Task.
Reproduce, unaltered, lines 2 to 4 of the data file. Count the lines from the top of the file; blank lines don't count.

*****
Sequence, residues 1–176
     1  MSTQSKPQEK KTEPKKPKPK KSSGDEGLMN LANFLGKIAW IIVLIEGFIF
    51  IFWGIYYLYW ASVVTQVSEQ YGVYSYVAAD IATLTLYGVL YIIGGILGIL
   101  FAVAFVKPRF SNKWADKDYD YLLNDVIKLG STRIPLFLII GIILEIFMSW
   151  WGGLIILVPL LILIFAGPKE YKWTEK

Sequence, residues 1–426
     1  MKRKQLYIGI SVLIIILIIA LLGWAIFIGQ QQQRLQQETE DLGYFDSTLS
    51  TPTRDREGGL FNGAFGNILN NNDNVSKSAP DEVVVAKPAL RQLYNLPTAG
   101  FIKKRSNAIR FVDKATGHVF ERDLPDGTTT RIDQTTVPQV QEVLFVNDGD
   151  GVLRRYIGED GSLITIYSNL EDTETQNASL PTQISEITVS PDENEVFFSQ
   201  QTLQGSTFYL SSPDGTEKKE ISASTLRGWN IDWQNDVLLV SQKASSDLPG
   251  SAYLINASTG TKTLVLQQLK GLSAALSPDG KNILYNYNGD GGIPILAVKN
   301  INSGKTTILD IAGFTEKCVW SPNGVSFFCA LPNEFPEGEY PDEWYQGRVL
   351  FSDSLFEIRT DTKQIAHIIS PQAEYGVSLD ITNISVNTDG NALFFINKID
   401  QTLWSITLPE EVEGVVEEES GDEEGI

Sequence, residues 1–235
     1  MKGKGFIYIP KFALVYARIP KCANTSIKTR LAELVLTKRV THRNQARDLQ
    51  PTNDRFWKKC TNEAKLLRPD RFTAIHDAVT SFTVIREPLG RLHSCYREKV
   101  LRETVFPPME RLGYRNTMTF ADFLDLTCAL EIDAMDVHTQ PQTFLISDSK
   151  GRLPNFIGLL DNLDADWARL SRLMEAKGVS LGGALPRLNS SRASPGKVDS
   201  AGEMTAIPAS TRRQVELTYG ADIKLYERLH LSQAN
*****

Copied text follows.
     1  MSTQSKPQEK KTEPKKPKPK KSSGDEGLMN LANFLGKIAW IIVLIEGFIF
    51  IFWGIYYLYW ASVVTQVSEQ YGVYSYVAAD IATLTLYGVL YIIGGILGIL
   101  FAVAFVKPRF SNKWADKDYD YLLNDVIKLG STRIPLFLII GIILEIFMSW